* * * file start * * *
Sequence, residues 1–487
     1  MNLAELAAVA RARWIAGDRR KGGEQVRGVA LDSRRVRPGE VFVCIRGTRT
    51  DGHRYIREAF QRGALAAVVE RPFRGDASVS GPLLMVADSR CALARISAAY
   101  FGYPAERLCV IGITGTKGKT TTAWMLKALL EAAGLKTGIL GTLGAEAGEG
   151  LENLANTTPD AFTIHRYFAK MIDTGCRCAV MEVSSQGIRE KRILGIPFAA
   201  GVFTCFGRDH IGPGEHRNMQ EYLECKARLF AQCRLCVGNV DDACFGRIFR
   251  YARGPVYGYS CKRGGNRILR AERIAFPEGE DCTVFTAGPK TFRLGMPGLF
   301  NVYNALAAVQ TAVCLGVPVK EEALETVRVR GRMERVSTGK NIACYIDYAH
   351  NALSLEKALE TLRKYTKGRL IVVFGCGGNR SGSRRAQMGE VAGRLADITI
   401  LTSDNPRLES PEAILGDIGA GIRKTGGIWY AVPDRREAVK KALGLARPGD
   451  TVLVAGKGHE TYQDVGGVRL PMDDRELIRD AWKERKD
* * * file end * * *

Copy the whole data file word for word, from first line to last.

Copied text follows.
Sequence, residues 1–487
     1  MNLAELAAVA RARWIAGDRR KGGEQVRGVA LDSRRVRPGE VFVCIRGTRT
    51  DGHRYIREAF QRGALAAVVE RPFRGDASVS GPLLMVADSR CALARISAAY
   101  FGYPAERLCV IGITGTKGKT TTAWMLKALL EAAGLKTGIL GTLGAEAGEG
   151  LENLANTTPD AFTIHRYFAK MIDTGCRCAV MEVSSQGIRE KRILGIPFAA
   201  GVFTCFGRDH IGPGEHRNMQ EYLECKARLF AQCRLCVGNV DDACFGRIFR
   251  YARGPVYGYS CKRGGNRILR AERIAFPEGE DCTVFTAGPK TFRLGMPGLF
   301  NVYNALAAVQ TAVCLGVPVK EEALETVRVR GRMERVSTGK NIACYIDYAH
   351  NALSLEKALE TLRKYTKGRL IVVFGCGGNR SGSRRAQMGE VAGRLADITI
   401  LTSDNPRLES PEAILGDIGA GIRKTGGIWY AVPDRREAVK KALGLARPGD
   451  TVLVAGKGHE TYQDVGGVRL PMDDRELIRD AWKERKD